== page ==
There’s no doubt that cloud computing is changing the way people work. Hypothetically, cloud computing enables you to access data from any computer or device, at any time. Of course, this is only possible if you have a computer, tablet, or smartphone handy, and if you have access to the internet. But for most people in most places, cloud computing really does achieve what it purports to: your data, files, and software are all within easy reach. For a thorough breakdown of what cloud computing really offers, refer to this cloud computing guide.
The Pros of Cloud Computing
- Data is Safe
Although some people fear that they might lose their data if they save it to the cloud, the truth is that your information is far safer on the cloud than it is stored in any physical object. Computers, phones, even external hard drives can be stolen, corrupted, or broken. But the cloud is protected by extensive systems that ensure your data’s safety far more reliably.
- Projects are Streamlined
Probably the most ubiquitous function of the cloud is its sharing capacities; group projects are now a breeze compared to the clunky processes that designers once had to rely on. Other great cloud applications for designers include:
- GridFox: An extension to the Firefox browser that superimposes a transparent grid over any web page
- GitHub: A hosting service that’s extremely useful for for web designers and developers
- TypeTester: A tool that allows you to test and compare several different typefaces side-by-side
In the near future, there will be even more tools and uses for the cloud; already Codeanywhere offers a cloud-based coding tool, and Adobe Kuler lets you generate color palettes in your browser. And these are probably mere precursors to even more powerful editing capacities that will emerge in the next few years.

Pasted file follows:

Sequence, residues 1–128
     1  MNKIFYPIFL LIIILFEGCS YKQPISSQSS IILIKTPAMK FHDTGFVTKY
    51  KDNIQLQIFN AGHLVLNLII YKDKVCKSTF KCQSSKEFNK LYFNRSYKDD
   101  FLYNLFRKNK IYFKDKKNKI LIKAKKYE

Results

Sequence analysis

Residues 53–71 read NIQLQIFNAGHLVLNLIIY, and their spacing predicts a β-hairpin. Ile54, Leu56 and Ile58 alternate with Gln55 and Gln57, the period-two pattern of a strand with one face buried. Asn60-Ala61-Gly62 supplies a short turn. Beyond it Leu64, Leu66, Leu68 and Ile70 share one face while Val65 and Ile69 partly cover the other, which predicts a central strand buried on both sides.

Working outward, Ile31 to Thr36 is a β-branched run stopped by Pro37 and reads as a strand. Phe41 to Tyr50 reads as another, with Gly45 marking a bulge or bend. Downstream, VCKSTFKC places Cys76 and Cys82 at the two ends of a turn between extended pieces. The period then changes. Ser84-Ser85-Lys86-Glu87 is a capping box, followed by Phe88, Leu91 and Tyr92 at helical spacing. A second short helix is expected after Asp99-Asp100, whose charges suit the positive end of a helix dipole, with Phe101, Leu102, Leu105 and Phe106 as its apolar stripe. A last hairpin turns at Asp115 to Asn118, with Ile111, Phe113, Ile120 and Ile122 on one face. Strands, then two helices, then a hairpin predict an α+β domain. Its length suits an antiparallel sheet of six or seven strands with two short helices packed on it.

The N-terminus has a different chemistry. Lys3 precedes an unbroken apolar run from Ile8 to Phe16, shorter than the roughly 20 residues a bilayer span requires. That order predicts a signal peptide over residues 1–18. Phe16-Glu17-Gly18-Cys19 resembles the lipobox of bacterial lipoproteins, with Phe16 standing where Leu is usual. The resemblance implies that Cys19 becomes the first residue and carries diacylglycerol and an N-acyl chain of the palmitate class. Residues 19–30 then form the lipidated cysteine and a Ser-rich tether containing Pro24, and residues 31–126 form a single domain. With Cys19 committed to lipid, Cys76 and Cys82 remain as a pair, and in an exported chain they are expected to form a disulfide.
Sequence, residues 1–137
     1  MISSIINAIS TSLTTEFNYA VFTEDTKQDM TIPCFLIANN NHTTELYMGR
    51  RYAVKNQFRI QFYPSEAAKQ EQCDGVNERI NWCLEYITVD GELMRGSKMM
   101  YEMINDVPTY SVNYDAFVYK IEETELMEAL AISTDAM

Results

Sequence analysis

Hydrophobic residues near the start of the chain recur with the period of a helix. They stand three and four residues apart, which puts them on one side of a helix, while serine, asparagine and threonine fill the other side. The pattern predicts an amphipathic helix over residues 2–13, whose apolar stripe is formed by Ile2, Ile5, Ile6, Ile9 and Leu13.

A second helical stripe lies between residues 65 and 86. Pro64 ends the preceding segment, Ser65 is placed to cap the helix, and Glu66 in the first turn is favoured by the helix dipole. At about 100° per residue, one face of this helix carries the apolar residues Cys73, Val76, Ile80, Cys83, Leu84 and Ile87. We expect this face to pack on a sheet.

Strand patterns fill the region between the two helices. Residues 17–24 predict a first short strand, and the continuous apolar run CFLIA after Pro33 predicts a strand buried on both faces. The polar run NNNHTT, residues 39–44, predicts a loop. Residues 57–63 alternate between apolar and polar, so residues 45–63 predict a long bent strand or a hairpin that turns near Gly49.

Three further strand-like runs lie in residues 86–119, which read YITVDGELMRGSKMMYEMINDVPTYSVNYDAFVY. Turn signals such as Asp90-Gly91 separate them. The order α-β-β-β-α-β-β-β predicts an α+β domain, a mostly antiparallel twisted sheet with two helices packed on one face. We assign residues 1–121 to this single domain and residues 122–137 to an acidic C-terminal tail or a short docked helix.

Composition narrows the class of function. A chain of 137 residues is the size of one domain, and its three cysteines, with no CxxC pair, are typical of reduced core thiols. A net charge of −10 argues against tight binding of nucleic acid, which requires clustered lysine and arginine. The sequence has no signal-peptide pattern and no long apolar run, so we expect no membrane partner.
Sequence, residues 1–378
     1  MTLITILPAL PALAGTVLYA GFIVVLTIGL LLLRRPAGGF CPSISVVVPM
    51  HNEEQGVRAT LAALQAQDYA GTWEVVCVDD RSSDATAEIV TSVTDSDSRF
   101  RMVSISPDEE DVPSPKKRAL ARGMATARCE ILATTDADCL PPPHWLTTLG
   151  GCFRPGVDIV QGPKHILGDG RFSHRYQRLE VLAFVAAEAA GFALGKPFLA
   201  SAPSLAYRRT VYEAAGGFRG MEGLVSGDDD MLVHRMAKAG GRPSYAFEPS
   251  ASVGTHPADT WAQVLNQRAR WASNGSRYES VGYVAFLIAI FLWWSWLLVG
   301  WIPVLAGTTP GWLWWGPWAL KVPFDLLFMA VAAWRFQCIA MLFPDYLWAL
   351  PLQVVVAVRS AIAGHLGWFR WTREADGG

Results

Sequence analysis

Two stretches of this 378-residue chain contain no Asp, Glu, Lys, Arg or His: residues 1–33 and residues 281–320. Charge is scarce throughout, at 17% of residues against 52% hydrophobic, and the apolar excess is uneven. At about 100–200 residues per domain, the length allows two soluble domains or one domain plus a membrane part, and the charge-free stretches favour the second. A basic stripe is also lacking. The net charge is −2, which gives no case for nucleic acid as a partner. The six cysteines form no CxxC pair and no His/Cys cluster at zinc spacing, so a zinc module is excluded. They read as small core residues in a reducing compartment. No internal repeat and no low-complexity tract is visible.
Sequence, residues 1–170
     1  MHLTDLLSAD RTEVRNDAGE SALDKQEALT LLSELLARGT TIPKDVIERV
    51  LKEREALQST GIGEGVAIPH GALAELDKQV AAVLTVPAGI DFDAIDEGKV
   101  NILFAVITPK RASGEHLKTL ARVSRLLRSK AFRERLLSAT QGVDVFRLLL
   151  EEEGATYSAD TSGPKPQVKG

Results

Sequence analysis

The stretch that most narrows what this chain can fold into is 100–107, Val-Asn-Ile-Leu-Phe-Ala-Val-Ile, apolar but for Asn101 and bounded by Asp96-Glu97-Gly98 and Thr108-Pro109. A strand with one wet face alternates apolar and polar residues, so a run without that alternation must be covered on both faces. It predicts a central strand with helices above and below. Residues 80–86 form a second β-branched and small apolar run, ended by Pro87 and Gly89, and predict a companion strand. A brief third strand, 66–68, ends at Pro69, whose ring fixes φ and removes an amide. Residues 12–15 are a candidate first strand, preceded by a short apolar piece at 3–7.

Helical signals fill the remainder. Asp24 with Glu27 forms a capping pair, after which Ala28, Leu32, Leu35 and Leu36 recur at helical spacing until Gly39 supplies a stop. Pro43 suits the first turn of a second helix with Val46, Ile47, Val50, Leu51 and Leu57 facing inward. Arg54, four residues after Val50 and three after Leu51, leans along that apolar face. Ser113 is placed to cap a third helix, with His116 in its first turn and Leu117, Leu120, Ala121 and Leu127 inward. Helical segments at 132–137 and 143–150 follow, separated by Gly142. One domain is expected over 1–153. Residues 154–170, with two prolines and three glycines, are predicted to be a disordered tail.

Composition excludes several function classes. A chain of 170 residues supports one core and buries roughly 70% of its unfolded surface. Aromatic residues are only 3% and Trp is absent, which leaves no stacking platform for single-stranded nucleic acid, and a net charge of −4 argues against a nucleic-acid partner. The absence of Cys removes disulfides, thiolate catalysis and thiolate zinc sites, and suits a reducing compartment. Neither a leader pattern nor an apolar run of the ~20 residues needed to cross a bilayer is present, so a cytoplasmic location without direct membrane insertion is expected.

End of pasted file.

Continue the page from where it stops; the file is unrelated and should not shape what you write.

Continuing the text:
- Data is Safe
The Cons of Cloud Computing
Internet Connections are Unreliable
Definitely the biggest detractor to the benefits of cloud computing, your access is dependent on your internet connection. While internet connections and browser capabilities are getting stronger and more reliable every year, you still might be frustrated by a slow connection. There are usually three factors that contribute to a slow Internet connection:
- The amount of bandwidth you’re using
- The number of devices that are connected
- What kind of wireless router you’ve chosen
For example, if you’re watching a high-definition video, that will take up much more bandwidth than reading a blog; use a networking guide to learn more.
Using services like Apple’s iCloud, Google Drive, or Dropbox has made a significant difference to most designers’ workflow and sharing practices. And while it’s true that any user might encounter technical difficulties with cloud computing, it’s rare for most designers to bother working in an area without a stable connection. So the occasional inconvenience is quite minimal, and thoroughly outweighed by the benefits.